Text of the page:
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Randomized controlled trial comparing morphine or clonidine with bupivacaine for caudal analgesia in children undergoing upper abdominal surgery.

Author(s): Singh R, Kumar N, Singh P

Affiliation(s): Lady Hardinge Medical College and Associated Kalawati Saran Children's Hospital, New Delhi, India.

Publication date & source: 2011-01, Br J Anaesth., 106(1):96-100. Epub 2010 Oct 14.

Publication type: Comparative Study; Randomized Controlled Trial

BACKGROUND: Various additives have been used to increase the duration of analgesia provided by bupivacaine administered by single-shot caudal injection in children. METHODS: A prospective, randomized, double-blind controlled study in 50 ASA I-II children (34 boys and 16 girls) aged 1-6 yr undergoing upper abdominal surgery was conducted. Patients were divided into two groups to receive either morphine 30 microg kg(1) (MB) or clonidine 2 microg kg(1) (CB) in bupivacaine 0.2% (1.25 ml kg(1)) for caudal analgesia. The duration of analgesia (FLACC scale) and sedation and side-effects such as vomiting, itching, respiratory depression, hypotension, and bradycardia were observed. RESULTS: The mean duration of analgesia was 16.5 (3.6) h in the CB group compared with 10.2 (2.3) h (P<0.01) in the MB group. Subjects who received clonidine (CB) were sedated for longer [7.1 (0.8) h] compared with the MB group [3.8 (0.7) h; P<0.01]. Vomiting was observed in 4% and 12% of subjects in the CB and MB groups, respectively. Sixteen per cent of subjects reported itching in the MB group (P=0.03), and none in the CB group. No hypotension, bradycardia, or respiratory depression was observed in any subjects. CONCLUSIONS: Caudal clonidine 2 microg kg(1) in bupivacaine 0.2% provides a longer duration of analgesia and sedation compared with caudal morphine 30 microg kg(1) in bupivacaine 0.2% without significant side-effects in children undergoing upper abdominal surgery.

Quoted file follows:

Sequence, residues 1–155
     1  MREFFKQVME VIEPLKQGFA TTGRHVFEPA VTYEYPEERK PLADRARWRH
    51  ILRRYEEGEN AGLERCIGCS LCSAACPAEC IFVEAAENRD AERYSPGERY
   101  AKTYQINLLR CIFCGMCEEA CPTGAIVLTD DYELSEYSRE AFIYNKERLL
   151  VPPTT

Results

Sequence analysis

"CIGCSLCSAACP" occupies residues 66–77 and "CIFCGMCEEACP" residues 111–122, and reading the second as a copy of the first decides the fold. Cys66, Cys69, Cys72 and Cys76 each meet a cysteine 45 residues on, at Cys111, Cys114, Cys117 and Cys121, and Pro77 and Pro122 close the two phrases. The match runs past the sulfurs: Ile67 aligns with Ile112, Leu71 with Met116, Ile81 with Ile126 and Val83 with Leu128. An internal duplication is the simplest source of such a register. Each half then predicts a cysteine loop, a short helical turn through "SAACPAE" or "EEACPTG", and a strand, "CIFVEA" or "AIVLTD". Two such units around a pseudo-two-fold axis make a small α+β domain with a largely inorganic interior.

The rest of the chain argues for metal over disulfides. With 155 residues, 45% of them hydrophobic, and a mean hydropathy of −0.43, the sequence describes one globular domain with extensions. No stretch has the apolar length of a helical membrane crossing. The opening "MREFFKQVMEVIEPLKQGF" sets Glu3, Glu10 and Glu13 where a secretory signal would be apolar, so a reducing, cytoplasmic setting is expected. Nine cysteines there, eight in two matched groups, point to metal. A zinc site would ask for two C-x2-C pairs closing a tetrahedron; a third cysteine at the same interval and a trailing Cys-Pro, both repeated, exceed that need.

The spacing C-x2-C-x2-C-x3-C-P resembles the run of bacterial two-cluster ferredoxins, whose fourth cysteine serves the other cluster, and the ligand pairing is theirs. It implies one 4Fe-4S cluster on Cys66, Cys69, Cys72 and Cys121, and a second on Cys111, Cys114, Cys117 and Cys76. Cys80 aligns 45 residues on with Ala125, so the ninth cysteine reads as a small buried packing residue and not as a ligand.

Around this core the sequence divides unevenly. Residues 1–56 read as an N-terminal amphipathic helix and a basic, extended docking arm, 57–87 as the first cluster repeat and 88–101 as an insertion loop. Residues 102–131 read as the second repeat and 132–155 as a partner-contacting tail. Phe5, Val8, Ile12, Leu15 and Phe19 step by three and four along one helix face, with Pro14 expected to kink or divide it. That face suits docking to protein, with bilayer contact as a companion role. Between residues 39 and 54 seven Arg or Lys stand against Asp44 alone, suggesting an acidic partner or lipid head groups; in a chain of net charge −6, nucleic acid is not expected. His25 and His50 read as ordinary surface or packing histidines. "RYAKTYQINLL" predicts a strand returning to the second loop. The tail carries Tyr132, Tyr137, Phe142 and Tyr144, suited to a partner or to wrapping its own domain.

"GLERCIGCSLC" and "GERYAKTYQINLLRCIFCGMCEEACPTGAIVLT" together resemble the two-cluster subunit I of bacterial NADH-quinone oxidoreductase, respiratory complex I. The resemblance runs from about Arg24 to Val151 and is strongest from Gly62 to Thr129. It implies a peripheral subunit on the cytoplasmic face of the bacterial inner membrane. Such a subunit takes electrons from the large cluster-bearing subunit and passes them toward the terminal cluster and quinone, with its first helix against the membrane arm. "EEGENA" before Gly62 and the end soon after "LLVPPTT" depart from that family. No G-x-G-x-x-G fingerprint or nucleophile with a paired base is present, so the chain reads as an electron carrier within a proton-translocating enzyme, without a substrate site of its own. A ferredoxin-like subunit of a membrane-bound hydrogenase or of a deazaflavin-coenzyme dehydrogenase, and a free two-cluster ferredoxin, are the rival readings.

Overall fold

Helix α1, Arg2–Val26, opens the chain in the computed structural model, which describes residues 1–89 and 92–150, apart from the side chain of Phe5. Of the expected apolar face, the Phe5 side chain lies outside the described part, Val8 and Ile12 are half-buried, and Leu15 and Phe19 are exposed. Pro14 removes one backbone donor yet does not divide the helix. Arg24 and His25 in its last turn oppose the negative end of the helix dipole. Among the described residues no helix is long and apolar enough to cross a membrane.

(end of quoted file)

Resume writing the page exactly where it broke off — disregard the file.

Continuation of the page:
Page last updated: 2011-12-09

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